Breaking Down The Barriers To Long Range Shooting!
Entry posted by Maksim ·
When I first got into shooting in the mid 2000s, I quickly became interested in long range shooting.
At that time, the standard recommendation for most shooters was to pick up a Remington 700 Police or a 700 VS and if your budget does not allow that, a Savage model 10FP, both in 308 Winchester. Generally, both of these guns would allow you to shoot around 1 MOA or better with match grade ammunition. In either case however, you were recommended to get into reloading if you wanted to get as consistent results as possible.
Once you get above these hunting turned target guns, you were looking at very high end offerings such as the Accuracy International chassis systems or essentially custom guns by well known rifle builders such as GA Precision. Unfortunately, as great as these high end platforms are, they are out of reach for most gun owners.
Fast forward a decade and today we find a massive rise in popularity of both long range and extended long range shooting. Most impressive is that you can find plenty of videos of gun owners shooting milk jugs from 1,000 yards to over a mile away with stock guns!
So what's changed?
I believe there are a number of key drivers which gun owners have to thank for the plethora of options available to them at price points of $2,000 and less. These drivers are both growing demand AND the availability/supply of firearms.
From the demand perspective, I think we can thank two drivers for this, YouTube and gun games such as 3 Gun and the practical shooting inspired PRS, which is if you can imagine, an IDPA or USPSA match however you are moving and shooting with a precision rifle, shooting at targets at out at 1,000 yards or more!
Fortunately, with all of this demand, manufacturers decided to pour in resources and we now have numerous products at the very competitive price point of $2,000 or less. Best of all, these guns are generally created to be accurate first, rather than being a firearm designed for hunting remarketed as a precision gun.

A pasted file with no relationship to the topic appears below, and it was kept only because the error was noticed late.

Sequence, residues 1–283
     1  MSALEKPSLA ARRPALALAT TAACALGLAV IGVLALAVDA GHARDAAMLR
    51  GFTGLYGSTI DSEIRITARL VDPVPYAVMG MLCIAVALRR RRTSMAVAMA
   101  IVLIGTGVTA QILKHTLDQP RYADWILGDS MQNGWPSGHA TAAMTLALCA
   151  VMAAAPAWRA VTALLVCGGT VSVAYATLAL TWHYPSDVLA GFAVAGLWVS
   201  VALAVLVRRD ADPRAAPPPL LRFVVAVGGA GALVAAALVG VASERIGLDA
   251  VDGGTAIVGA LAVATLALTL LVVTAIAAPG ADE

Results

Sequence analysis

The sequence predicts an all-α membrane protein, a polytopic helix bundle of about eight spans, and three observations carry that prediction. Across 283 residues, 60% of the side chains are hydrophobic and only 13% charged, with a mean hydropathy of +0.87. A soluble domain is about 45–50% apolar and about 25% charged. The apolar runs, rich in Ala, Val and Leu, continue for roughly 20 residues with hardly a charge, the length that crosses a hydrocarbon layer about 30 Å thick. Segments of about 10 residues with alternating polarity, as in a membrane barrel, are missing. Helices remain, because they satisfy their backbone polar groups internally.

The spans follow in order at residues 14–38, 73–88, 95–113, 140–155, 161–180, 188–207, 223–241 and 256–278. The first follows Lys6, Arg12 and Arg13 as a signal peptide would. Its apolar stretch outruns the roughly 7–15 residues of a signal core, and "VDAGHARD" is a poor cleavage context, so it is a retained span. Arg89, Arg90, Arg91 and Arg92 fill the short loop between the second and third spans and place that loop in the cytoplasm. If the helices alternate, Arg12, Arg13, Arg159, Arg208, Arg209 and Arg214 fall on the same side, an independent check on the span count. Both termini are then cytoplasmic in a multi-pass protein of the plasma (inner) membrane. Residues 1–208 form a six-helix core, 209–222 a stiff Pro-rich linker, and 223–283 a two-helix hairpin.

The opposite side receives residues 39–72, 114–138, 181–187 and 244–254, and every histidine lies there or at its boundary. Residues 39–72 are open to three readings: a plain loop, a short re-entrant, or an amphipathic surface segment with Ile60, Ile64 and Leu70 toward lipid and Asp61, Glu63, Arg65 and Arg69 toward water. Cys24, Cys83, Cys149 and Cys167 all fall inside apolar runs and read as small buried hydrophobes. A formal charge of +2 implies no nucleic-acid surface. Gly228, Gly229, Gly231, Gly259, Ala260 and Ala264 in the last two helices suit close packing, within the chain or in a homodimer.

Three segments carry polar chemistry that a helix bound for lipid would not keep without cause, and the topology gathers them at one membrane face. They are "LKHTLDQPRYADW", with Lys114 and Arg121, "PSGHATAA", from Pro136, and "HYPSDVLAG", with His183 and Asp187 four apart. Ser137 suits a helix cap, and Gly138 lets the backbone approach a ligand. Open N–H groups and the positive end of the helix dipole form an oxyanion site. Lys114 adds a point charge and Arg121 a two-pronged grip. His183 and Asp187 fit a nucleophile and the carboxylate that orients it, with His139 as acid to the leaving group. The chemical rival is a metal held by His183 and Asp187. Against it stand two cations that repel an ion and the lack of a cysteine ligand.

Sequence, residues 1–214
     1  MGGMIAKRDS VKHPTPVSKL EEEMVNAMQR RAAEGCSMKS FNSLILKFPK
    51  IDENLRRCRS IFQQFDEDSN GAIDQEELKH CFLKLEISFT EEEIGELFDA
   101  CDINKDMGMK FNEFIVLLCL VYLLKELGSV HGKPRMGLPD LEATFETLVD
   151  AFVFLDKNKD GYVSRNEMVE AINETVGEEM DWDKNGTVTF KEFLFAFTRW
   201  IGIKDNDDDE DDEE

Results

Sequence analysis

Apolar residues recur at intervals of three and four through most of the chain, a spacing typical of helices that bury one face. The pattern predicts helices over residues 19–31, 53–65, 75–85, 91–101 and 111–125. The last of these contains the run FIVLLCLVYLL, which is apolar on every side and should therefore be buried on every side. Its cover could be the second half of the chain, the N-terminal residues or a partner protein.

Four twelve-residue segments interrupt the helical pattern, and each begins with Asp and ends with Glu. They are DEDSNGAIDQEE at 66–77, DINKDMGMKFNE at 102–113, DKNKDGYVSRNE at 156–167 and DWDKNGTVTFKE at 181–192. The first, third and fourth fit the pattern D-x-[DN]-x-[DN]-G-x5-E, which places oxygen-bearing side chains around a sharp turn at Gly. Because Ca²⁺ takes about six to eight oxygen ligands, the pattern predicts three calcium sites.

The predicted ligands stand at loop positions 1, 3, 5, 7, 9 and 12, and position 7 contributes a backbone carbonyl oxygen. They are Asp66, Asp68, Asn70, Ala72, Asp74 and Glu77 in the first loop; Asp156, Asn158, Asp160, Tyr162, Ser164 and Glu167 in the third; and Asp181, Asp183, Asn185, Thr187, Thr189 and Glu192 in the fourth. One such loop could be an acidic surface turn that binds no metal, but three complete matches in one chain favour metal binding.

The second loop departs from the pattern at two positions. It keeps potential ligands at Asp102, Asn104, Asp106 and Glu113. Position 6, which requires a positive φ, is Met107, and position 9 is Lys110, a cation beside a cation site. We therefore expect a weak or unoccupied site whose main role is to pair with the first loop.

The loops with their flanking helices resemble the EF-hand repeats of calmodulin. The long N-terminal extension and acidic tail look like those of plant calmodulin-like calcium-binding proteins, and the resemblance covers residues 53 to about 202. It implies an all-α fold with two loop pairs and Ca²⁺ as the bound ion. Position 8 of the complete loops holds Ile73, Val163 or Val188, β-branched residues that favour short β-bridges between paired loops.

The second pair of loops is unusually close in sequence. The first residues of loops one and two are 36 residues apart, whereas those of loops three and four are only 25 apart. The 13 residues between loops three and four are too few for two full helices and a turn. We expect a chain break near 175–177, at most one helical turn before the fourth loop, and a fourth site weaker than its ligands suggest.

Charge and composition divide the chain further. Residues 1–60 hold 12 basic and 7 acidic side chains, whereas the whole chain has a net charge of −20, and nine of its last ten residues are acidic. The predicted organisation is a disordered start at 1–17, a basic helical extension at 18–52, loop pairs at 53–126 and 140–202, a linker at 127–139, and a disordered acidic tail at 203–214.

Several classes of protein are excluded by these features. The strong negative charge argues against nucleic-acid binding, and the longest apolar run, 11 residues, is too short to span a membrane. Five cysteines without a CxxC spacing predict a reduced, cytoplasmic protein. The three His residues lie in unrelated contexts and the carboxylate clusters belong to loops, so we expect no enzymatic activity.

Today, gun owners have such firearms as the Ruger Precision Rifle, the Thompson Center LRR, the Howa Oryx, Mossberg MVP and Savage 110 which use the latest manufacturing processes to produce factory rifles capable of sub MOA shooting (1" at 100 yards, 2" at 200 yards, etc.)
The overriding theme here however is that I don't believe this would not have happened if it was not for the "Trump Slump."
During the Obama years, manufacturers were able to sell basic $500 AR-15s for $1,000 or more. It was only after President Trump was elected and the fear of imminent gun control no longer drove sales, did manufacturers truly innovate and create such firearms at these very affordable prices.
This is of course not just anecdotal evidence but can be seen in the sales data.
For anyone who has been reading my "NICS Data" research on Seeking Alpha knows that long gun sales are at decade lows. At the same time, PRS and extended long range shooting is quickly growing. The main benefactor here being "chassis guns."
The other major change enabling the success in long range shooting is the mass market appeal of new cartridges such as 6.5 Creedmoor.
In the simplest terms, the newer calibers such as 6.5 Creedmoor, 6.5 PRC, 300 PRC, 6mm Creedmoor, and 224 Valkyrie were designed with different SAAMI specs, predominantly around a bullet with a higher BC (ballistic coefficient) in a larger cartridge with more powder. In short, better bullet, bigger cartridge, more powder giving you faster velocity and a bullet that is far more tolerant of wind.
Yes, it is time to settle the debate... 6.5 Creedmoor is an all around better cartridge than 308 Winchester and is quickly becoming the go to norm for gun owners entering this category. After more than 10 years we can start admitting, it is likely not going away, especially as with stock factory ammunition, a shooter can effectively increase their range from around 1,000 yards out to 1,400.
Bottom line, are these guns somehow going to put custom rifle builders out of business? No... because there is always that crowd of people who will be looking at a gun that can shoot 1/4 MOA and is willing to pay $4,000 or more on the rifle. If you are happy with .5 to 1 MOA with a gun that you can purchase for around $1,000 and don't need to reload for, then this is certainly an exciting time to be a gun owner.
If you have not done so yet, do subscribe and follow my Precision Rifle series on YouTube where we take a look at the latest and most popular precision guns at $2,000 or less!
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